Popcorn Update….Maybe

Posted on August 18, 2014 at 3:49 pm

Copyright 20009 Joakim Wahlander https://www.flickr.com/photos/wahlander/3873255763/
Copyright 20009 Joakim Wahlander via Flickr

Remember when I explained how movie theater lobbyists created a loophole in the rules requiring places that serve food to let you know the calories and fat content of your purchases?

I don’t think it’s likely to happen, but it’s worth mentioning that two Senators are trying to close that loophole. Ignore the inflammatory headline. No one is “coming for your popcorn.” This is not Mayor Bloomberg at the federal level. This is making the market work efficiently by giving you the information you need to make a wise decision. Which is why it probably won’t happen.

Of course if they really wanted to come down hard on popcorn, they’d make the theaters let you know what their share of the profits is from the wildly inflated concession stand prices. I don’t begrudge the theater owners the chance to make enough money to stay in business. Most of the profits from ticket sales go to the studios. But purchasers might want to know that “when you pay $6 for a medium-sized bag of popcorn in theaters, you’re paying a 1,275 percent mark up compared to the cost of buying three 3.5-ounce bags of microwaveable popcorn sold in a box for about $3 at the store.” Put it this way: the concession stand pays more for the cost of the cardboard container than it does for the popcorn and “butter substitute” that goes into it.

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Advertising Commentary

Who Put Popcorn and Movies Together?

Posted on October 6, 2013 at 2:14 pm

Smithsonian Magazine goes back 8000 years to find out why we eat popcorn at the movies.

Popcorn–a name mostly associated with puffed kernels of corn–is actually a strain of corn, characterized by especially starchy kernels with hard kernel walls, which help internal pressure build when placed over heat. It was one of the first variations of maize cultivated in Central America….After popcorn made its way to the eastern part of North America, it spread rapidly. Eaters found the act of popping corn wildly entertaining, and by 1848, popcorn, the snack food, was prevalent enough to be included in the Dictionary of Americanisms. Popcorn had literally exploded onto the scene and was available everywhere–especially at entertainment sites like circuses and fairs. In fact, there was really only one entertainment site where the snack was absent: the theaters.

In the early days, movie theaters were modeled after legitimate theaters and movie theater operators did not want popcorn, which was messy and associated with low-budget entertainment.  Surprisingly, it was the addition of sound to movies and the wider range of audiences that the talkies attracted that made theater operators turn to popcorn.

The Great Depression presented an excellent opportunity for both movies and popcorn. Looking for a cheap diversion, audiences flocked to the movies. And at 5 to 10 cents a bag, popcorn was a luxury that most people were able to afford. Popcorn kernels themselves were a cheap investment for purveyors, and a $10 bag could last for years. If those inside the theaters couldn’t see the financial lure of popcorn, enterprising street vendors didn’t miss a beat: they bought their own popping machines and sold popcorn outside the theaters to moviegoers before they entered the theater. As Smith explains, early movie theaters literally had signs hung outside their coatrooms, requesting that patrons check their popcorn with their coats. Popcorn, it seems, was the original clandestine movie snack.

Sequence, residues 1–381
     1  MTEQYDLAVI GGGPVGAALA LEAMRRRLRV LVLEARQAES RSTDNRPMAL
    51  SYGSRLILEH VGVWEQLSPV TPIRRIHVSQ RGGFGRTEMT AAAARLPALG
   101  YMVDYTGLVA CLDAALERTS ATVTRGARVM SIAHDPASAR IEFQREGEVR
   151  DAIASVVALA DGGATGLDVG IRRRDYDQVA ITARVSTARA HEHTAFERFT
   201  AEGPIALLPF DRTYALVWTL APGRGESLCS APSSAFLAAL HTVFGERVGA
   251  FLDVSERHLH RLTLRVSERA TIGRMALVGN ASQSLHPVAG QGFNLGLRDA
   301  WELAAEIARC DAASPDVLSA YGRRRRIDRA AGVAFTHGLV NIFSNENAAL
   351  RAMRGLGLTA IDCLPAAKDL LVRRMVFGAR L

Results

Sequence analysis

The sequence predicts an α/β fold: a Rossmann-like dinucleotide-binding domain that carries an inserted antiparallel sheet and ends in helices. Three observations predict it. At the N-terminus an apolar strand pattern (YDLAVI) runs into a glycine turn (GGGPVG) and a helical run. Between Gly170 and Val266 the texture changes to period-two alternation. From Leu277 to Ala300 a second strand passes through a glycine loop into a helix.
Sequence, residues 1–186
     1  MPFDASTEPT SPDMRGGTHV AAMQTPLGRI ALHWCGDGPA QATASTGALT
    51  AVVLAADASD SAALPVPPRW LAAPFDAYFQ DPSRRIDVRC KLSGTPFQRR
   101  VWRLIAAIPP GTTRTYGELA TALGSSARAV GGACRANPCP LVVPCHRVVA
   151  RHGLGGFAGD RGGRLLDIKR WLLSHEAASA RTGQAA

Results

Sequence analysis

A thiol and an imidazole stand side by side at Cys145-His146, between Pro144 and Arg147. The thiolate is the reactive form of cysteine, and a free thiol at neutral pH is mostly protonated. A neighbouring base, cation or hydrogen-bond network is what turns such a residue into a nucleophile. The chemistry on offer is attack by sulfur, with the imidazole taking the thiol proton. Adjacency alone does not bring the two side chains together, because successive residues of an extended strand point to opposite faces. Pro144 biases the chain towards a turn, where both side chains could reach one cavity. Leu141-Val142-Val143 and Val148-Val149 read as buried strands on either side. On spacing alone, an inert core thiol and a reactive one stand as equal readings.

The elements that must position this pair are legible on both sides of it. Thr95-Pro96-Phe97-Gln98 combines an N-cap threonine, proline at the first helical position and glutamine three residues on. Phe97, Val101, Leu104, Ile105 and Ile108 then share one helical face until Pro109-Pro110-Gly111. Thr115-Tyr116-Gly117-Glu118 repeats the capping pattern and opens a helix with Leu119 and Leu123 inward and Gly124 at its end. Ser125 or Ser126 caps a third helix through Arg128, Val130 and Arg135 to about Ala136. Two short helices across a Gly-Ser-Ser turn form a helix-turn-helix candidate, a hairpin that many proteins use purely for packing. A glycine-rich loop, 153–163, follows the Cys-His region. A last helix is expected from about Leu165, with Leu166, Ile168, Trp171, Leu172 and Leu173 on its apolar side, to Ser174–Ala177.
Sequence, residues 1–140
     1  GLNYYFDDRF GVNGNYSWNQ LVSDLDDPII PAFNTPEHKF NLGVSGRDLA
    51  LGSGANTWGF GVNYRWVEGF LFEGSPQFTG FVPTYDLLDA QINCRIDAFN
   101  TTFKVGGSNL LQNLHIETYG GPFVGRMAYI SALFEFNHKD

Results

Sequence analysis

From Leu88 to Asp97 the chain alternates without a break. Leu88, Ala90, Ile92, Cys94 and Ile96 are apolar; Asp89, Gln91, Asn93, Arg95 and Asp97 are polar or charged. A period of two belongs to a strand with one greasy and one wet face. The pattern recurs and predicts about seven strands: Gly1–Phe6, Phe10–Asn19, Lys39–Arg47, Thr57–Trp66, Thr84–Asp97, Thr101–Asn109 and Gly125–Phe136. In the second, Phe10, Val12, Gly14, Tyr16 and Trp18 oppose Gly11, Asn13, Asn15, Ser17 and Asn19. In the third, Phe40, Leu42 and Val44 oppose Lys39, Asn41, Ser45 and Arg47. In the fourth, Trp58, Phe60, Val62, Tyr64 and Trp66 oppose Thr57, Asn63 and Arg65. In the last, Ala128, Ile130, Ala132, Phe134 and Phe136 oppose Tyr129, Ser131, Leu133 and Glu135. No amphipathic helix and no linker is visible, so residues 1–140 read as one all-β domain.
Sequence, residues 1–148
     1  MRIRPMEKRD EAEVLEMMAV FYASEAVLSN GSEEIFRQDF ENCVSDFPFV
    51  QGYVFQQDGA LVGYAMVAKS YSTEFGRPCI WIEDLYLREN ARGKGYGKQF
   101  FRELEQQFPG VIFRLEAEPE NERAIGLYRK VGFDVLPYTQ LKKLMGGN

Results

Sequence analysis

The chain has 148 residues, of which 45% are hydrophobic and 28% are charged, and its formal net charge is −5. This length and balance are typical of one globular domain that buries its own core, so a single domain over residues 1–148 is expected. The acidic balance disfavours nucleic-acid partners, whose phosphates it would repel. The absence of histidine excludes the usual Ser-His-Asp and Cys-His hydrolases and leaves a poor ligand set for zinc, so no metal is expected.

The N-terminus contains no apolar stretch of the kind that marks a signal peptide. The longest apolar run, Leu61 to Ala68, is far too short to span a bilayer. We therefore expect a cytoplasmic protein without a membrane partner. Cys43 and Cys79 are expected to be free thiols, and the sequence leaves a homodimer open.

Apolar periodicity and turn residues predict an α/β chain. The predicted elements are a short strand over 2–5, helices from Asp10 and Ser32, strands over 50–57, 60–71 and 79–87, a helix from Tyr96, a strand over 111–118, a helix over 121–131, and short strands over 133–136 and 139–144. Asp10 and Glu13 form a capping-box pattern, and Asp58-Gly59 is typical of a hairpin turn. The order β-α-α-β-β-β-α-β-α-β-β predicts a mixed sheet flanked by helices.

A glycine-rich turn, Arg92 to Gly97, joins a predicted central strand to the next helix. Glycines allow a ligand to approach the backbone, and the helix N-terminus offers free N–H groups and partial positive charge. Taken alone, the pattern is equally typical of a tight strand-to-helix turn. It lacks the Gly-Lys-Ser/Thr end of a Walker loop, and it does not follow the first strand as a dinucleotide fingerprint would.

This classic ad has even been included in the Library of Congress National Film Registry.  (You may have seen a recently updated version reminding you to turn off your phone.)

http://www.youtube.com/watch?v=n9QAPch2o6Q

 

 

 

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Understanding Media and Pop Culture

What Movie Theaters Don’t Tell You….

Posted on April 13, 2012 at 3:28 pm

Did you know that all ticket receipts for the first two weeks go to the movie studio?  That’s why the food at movie theaters is so outrageously expensive.  And why they tell you the movie is starting earlier than it really does — so you’ll be there in time for the ads.  That’s how they make their money.  These and other secrets of movie theaters are revealed in a Reader’s Digest slideshow.

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Behind the Scenes

Movie Theater Popcorn: Don’t Ask, Don’t Tell

Posted on April 3, 2011 at 9:00 am

The Food and Drug Administration released its proposed rules on disclosure of nutritional and calorie information for the food served in chain restaurants. But intense lobbying by the theater industry has led to a great big loophole — movie snacks are not covered, “even though a large popcorn and soda can contain as many calories as a typical person needs in a day.”

Movie theaters have to send all of their first few weeks’ ticket sale revenues to the studio. They get to keep a portion only later, after early crowds have already seen the films. They make their money on the jumbo snacks with the jumbo mark-ups. (Movie popcorn usually costs them less than the cardboard vats it is served in). And they know that giving consumers accurate information about the calorie and fat content of the snacks might scare customers into coming into the theater with a pocket full of baby carrots to munch on instead. The trade association argued that people want to take a break from their diets when they go to the movies, just like they want to take a break from their daily lives. That may be true, but it is no reason to keep them from the information they need to make that decision.

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Commentary
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